White House Vows Response If Russia Attacks US Satellites; Putin Blames West for Ukraine War

White House Vows Response If Russia Attacks US Satellites; Putin Blames West for Ukraine War
The exterior of the White House on Feb. 6, 2022. (Al Drago/Reuters)

Any response on U.S. infrastructure will be met with a response, the White House said on Thursday after a senior Russian foreign ministry official said Western commercial satellites could become legitimate targets for Russia if they were involved in the war in Ukraine.

White House spokesman John Kirby, speaking to reporters, added that publicly available information shows Russians have been trying to pursue anti-satellite technologies.

Russian President Vladimir Putin showed no regrets on Thursday for his war in Ukraine, insisting that the “special military operation” was still achieving its goals and the West’s dominance over world affairs was coming to an end.

Inveighing against the West for more than three-and-a-half hours in a question-and-answer session at an annual foreign policy conference in Moscow, Putin appeared confident and relaxed.

Asked if there had been any disappointments in the past year, Putin answered simply: “No”, though he also said he always thinks about Russians lost in Ukraine.

Putin accused the West of inciting the war in Ukraine and of playing a “dangerous, bloody, and dirty” game that was sowing chaos across the world.

“The historical period of the West’s undivided dominance over world affairs is coming to an end,” the 70-year-old former KGB spy said. “We are standing at a historical frontier: Ahead is probably the most dangerous, unpredictable and, at the same time, important decade since the end of World War Two.”

Nuclear ‘Blackmail’

In his speech, Putin played down a nuclear standoff with the West, insisting Russia had not threatened to use nuclear weapons and had only responded to nuclear “blackmail” from Western leaders. He and other Russian officials have repeatedly said in recent weeks that Russia could use nuclear weapons to protect its territorial integrity, remarks interpreted in the West as implicit threats to use them to defend parts of Ukraine that Russia claims to have annexed. Scores of countries have condemned the move as illegal.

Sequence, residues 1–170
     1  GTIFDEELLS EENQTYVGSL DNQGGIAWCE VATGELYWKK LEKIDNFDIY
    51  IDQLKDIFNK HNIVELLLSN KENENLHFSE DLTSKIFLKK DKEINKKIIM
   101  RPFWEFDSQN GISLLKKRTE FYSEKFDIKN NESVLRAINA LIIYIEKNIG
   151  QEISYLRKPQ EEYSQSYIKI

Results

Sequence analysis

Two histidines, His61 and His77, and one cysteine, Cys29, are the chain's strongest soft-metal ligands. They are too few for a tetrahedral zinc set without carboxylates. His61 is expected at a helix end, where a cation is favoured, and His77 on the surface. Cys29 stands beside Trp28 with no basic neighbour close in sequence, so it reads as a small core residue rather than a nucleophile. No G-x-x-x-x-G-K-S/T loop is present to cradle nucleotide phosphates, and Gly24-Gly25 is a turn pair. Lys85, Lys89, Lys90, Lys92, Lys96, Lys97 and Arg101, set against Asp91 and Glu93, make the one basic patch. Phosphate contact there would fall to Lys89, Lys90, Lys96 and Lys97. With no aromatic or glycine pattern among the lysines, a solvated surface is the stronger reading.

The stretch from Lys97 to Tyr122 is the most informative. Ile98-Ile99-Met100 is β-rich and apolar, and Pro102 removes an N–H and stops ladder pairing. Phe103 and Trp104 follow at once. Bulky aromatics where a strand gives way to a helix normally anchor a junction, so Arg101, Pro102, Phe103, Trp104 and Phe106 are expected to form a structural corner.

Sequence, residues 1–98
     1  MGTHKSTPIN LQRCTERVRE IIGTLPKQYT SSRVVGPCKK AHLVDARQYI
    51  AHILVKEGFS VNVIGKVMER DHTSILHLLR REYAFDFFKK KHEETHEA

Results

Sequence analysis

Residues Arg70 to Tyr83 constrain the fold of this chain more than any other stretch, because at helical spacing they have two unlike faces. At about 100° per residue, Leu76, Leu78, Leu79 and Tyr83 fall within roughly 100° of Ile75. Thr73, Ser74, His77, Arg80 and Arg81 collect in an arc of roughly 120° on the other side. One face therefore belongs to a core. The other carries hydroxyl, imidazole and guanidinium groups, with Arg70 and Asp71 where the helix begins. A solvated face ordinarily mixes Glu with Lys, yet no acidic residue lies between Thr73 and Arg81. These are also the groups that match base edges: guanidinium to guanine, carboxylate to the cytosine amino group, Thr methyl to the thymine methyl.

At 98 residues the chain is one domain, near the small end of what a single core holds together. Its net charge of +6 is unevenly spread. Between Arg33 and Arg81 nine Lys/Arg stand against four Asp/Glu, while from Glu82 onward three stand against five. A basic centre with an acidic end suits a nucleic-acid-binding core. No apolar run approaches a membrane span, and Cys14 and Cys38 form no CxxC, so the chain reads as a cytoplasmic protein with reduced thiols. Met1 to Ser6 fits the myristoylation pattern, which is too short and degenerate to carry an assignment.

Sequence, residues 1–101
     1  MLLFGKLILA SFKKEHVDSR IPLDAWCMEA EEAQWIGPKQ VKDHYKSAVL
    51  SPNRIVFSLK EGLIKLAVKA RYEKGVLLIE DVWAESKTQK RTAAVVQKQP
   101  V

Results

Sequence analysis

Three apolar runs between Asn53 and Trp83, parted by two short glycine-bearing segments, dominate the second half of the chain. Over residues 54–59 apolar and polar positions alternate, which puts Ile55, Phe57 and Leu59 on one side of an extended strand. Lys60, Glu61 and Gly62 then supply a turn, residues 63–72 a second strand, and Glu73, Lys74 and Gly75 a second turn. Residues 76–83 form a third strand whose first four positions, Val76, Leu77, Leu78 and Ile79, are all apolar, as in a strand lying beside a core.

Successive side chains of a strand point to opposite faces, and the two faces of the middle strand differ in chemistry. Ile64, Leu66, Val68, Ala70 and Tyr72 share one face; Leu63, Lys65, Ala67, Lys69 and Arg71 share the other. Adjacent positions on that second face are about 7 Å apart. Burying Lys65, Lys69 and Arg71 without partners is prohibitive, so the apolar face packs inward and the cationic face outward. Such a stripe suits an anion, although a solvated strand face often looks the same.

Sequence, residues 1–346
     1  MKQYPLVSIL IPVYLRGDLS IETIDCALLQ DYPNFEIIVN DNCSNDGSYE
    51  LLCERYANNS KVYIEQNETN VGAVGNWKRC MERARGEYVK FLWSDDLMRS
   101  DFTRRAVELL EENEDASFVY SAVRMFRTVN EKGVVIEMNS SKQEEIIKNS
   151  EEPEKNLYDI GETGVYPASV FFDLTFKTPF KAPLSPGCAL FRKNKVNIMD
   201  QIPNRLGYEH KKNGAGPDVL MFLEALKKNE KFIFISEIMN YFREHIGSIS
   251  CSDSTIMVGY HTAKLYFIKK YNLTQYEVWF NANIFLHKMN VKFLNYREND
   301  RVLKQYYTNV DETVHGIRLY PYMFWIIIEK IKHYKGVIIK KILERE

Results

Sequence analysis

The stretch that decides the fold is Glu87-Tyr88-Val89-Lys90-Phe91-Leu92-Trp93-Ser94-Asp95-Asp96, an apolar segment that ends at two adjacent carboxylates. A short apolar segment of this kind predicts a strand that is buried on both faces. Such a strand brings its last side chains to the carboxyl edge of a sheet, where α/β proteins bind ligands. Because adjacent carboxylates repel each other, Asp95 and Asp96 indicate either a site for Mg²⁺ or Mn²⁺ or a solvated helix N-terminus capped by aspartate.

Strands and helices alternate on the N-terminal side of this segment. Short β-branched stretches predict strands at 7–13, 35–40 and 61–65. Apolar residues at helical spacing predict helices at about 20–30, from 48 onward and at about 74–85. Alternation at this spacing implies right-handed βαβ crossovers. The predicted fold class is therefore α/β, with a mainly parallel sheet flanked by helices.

He also repeated Russia’s latest allegation—that Ukraine was planning to use a so-called “dirty bomb” to spread nuclear material, which the United States, Britain, and France have called “transparently false”. Putin said the Ukrainians would carry out such an attack to blame Russia.

A suggestion by Kyiv that the Russian charge might mean Moscow plans to detonate a “dirty bomb” itself was false, he said.

“We don’t need to do that. There would be no sense whatsoever in doing that,” Putin said.

U.S. President Joe Biden expressed skepticism on Thursday about Putin’s comment that he had no intention of using a nuclear weapon in Ukraine.

“If he has no intention, why does he keep talking about it? Why is he talking about the ability to use a tactical nuclear weapon?” Biden said in an interview with NewsNation.

“He’s been very dangerous in how he’s approached this,” Biden said.

In an interview earlier on CNN, Kirby said it was possible Russia was considering the use of a dirty bomb and was setting up a pretext to blame Ukraine. But he said the United States still had not seen any signs that was necessarily the case.

“They often blame others for that which they are doing themselves or about to do. So that’s why we have to take that seriously,” Kirby said of Putin’s allegations.

“I'll also tell you that we’re not seeing any signs, even today, that the Russians are planning to use a dirty bomb or to even make preparations for that.”